each individual building could be put together to make a unique new city.
3. Travel sketches: for the way to or from the museum
Louis Kahn travelled extensively, in the early stages of his career he
gathered ideas and gained new experiences, later in his career he designed
buildings in South-East Asia.
Take photographs or do quick sketches of the landmarks that stand out on
your journey to/from the Design Museum. What has inspired you along the
way?

DESIGN DICTIONARY
More useful design definitions can be found online at:
http://designmuseum.org/discoverdesign/glossary
Albers, Josef (1888-1976)
Arts and Crafts
Movement

Bauhaus

Buckminster Fuller

Artist, educator and influential member of the


Bauhaus school.
The Arts and Crafts Movement was an international
design movement most influential from 1860 to
1910. It favoured handmade, rather than mass
produced design.
Named after the Bauhaus School in Germany, the
word Bauhaus is now used to describe 'modernist'
design and architecture popular in 1920s-30s.
American architect, author, designer and inventor

(1895-1983)
Modern Architecture

Space frame architecture


Tyng, Anne (1920-2011)

Urban planning

who popularized the geodesic dome.


Buildings in the Modern style made use of
technological and material innovation to challenge
traditional structures and forms.
Lightweight geometric structures formed from
interlocking struts
Architect and professor who collaborated with
Louis Kahn at his practice in Philadelphia for 29
years.
Urban planning organizes the elements of a city
including transportation, power and communication
infrastructures, housing and central services such
as schools and hospitals.

FURTHER READING
Current exhibition information
http://designmuseum.org/exhibitions/2014/louis-kahn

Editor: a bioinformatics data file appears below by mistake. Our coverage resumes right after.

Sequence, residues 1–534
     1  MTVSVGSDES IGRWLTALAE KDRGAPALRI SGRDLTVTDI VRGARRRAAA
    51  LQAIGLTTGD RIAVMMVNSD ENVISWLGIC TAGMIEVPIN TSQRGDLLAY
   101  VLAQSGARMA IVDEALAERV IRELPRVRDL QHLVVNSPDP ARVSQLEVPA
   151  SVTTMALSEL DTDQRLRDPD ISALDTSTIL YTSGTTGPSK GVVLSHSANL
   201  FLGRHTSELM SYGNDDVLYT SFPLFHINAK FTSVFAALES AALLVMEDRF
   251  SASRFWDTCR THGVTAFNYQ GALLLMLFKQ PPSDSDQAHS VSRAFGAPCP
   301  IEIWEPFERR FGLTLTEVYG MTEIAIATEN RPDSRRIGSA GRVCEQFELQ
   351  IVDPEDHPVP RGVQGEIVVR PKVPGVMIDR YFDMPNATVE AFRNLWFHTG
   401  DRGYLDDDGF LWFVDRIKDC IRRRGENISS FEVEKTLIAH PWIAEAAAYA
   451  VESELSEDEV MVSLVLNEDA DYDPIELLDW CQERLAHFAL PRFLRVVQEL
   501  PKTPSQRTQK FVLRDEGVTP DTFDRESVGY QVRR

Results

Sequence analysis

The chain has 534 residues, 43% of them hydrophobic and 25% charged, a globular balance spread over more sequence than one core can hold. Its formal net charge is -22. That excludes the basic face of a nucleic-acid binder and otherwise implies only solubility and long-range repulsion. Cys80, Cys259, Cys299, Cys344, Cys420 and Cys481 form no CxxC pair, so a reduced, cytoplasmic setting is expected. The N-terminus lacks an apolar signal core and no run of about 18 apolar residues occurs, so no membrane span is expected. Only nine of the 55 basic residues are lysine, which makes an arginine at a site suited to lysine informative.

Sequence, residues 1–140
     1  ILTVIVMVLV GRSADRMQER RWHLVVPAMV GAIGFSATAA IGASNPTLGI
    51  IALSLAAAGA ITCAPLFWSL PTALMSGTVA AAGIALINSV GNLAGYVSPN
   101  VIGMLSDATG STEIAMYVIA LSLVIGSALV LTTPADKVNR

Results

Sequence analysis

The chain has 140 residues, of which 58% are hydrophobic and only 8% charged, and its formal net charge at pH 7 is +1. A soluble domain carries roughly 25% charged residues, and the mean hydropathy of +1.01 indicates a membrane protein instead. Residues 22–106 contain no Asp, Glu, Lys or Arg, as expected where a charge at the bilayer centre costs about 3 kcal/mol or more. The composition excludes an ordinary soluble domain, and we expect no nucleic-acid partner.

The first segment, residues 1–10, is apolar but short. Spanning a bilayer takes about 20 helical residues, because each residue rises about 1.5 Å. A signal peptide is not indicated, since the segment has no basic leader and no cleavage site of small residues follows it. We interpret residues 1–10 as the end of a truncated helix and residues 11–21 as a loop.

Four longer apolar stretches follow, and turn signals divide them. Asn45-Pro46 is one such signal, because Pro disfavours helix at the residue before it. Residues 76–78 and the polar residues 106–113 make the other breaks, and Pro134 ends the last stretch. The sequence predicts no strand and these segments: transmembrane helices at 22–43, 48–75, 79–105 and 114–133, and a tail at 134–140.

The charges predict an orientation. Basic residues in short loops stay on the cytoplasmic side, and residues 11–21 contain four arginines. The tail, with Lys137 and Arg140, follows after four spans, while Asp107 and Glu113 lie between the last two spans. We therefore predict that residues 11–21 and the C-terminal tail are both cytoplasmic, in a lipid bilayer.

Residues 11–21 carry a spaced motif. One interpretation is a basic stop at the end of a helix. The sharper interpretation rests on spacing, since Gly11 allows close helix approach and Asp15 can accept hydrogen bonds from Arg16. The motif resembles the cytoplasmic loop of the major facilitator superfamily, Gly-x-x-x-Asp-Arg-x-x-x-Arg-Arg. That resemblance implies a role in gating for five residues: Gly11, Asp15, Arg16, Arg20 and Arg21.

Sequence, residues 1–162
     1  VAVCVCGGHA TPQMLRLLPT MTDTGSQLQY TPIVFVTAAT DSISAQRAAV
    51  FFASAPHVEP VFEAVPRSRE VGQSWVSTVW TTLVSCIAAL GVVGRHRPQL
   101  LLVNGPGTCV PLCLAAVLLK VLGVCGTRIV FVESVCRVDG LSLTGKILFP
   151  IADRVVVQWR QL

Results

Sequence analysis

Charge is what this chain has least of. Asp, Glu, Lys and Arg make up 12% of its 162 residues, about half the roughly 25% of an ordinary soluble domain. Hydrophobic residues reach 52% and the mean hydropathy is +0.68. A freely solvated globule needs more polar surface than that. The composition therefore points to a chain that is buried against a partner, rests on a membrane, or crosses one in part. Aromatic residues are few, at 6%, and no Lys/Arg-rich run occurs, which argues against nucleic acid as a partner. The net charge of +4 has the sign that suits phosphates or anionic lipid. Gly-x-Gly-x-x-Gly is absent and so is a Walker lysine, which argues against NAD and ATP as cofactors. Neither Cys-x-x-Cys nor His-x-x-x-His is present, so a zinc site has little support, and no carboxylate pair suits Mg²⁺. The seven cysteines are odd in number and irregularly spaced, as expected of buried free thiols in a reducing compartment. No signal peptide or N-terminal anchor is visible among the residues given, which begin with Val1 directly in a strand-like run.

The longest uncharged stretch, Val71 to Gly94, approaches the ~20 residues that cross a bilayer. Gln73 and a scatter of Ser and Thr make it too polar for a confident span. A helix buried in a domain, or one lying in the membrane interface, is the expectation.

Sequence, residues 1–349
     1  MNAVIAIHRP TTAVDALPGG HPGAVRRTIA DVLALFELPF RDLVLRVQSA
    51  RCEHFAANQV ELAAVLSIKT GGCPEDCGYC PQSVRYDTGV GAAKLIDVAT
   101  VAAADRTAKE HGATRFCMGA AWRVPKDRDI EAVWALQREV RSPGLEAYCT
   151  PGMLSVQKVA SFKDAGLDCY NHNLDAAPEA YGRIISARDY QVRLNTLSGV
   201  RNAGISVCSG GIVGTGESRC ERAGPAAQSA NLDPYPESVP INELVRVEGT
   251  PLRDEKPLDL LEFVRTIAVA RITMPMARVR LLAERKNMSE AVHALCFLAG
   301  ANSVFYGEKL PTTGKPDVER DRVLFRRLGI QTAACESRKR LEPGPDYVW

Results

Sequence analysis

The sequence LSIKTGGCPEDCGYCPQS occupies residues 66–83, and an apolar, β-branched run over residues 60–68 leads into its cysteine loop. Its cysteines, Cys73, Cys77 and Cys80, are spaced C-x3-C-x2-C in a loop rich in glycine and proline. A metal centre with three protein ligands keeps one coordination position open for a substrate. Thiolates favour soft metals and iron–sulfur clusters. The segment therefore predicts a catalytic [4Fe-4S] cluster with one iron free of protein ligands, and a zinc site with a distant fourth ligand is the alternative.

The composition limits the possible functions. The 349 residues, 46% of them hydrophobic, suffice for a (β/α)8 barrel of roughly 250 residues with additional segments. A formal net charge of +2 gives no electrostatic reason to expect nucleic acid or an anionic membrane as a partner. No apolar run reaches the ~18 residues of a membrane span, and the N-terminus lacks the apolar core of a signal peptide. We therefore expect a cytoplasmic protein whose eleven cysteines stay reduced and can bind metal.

Overview biography and summary of the career of Louis Kahn:
http://designmuseum.org/design/louis-kahn
My Architect: a sons journey, is a documentary film made by
Nathaniel Kahn (2003), son of Louis Kahn.
https://vimeo.com/67173077

EXHIBITION GUIDANCE
This is a traditional exhibition including delicate models and rare
prints. Many objects are in cases, but some items are on open
display. Care should be taken when moving around the exhibition and
no objects in this exhibition should not be touched. We would be
grateful if you could brief your students accordingly.
Depending on your group and your itinerary for the visit, we would
recommend that you set aside approximately 30 minutes to explore
this exhibition.
Filming and photography is strictly prohibited in this exhibition. This
is due to conservation requirements of the historic material on
display.
Please ensure that you read our school visit Terms and Conditions
document before making your visit.
We encourage the use of sketchbooks and pencils in the gallery.
To access free downloadable gallery activity worksheets for students,
please visit our online resource Discover Design
http://designmuseum.org/discoverdesign/downloads.html
Design Museum, Shad Thames, London SE1 2YD
Daily 10am 5.45pm
T 020 7940 8782
E learning@designmuseum.org